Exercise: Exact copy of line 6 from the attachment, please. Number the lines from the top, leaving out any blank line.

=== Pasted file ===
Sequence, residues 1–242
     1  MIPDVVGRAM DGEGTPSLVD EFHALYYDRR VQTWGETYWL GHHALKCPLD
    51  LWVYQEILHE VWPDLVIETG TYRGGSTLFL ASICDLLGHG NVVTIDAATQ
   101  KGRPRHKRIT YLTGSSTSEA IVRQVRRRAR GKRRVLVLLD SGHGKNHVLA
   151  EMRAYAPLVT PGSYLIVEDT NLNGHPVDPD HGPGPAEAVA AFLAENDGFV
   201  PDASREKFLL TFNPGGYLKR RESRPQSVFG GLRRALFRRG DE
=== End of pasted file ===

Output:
   201  PDASREKFLL TFNPGGYLKR RESRPQSVFG GLRRALFRRG DE